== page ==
A reasonable test is meant to ask whether the decision made by a person is rational, legitimate and designed to remedy a certain issue under the circumstances at the time. The Court of Appeal provides more illumination on this in case of University of Ilorin Teaching Hospital v. Dr. Dele Abegunde (2013) LPELR 21375 (CA), where the reasonable man is defined as ‘a person, who acts sensibly, does things diligently, and takes proper, but not excessive precaution’.
Another attorney, Emmanuel Oti (Esq), however, agrees that such disclaimer notices cleverly exonerate managers and owners of facilities of any liability in the event of car theft for these signs are warnings and ignoring the red alerts implies that the property owner or manager would not be liable when anything goes wrong, but that if car theft in a particular place has become a recurring decimal and there are records of repeated occurrence, then the hotel management can be held responsible, as a reoccurrence is suggestive that something more than ordinary is going on, Oti argues.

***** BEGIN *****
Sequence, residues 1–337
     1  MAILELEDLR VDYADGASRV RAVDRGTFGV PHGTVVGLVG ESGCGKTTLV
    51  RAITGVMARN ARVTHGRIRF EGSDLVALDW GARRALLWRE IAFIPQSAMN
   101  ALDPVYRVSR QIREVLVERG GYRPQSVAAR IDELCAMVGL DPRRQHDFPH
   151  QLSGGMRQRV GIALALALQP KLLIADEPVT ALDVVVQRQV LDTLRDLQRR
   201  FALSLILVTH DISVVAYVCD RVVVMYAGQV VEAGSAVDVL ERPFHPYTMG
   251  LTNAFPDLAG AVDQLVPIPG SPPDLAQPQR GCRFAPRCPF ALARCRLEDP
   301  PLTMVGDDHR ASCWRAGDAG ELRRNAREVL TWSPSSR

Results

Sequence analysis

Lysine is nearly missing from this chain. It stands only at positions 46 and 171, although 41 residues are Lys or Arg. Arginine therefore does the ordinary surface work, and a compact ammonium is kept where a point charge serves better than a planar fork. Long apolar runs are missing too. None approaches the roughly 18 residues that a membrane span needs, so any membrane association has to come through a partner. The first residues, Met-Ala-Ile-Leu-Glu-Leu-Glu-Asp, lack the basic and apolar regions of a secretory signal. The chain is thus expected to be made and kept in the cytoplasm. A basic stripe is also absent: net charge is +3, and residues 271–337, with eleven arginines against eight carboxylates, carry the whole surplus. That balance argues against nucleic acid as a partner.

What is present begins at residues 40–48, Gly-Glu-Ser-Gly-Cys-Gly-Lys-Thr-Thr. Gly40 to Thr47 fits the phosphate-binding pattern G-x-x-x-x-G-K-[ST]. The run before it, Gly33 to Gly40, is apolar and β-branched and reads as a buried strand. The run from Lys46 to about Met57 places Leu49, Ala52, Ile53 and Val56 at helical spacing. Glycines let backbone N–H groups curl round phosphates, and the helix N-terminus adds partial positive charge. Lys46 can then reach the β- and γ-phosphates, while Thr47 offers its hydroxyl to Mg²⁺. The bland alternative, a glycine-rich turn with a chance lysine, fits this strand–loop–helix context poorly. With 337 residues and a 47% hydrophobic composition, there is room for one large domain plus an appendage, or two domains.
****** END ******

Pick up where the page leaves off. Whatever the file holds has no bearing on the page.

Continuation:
My humble opinion, just like that of Ugwueze, is that these disclaimers are really not enough for property owners to evade all culpability in the event of a car theft under their watch. As mentioned earlier, when talking about strict liability, the same principle also applies such that the property owner, who places the disclaimer; ‘cars or vehicles are parked at owners’ risk’, is negligent in the performance of expected duty to vehicle owners.
Negligence is any act or omission, which falls short of a standard to be expected of ‘the reasonable man’. The important ingredients that constitute negligence include the duty of care, breach of the duty, and harm or damages. The legal principle of negligence, which covers this caveat being discussed, was explained in the Supreme Court of Nigeria case of Diamond Bank Limited v.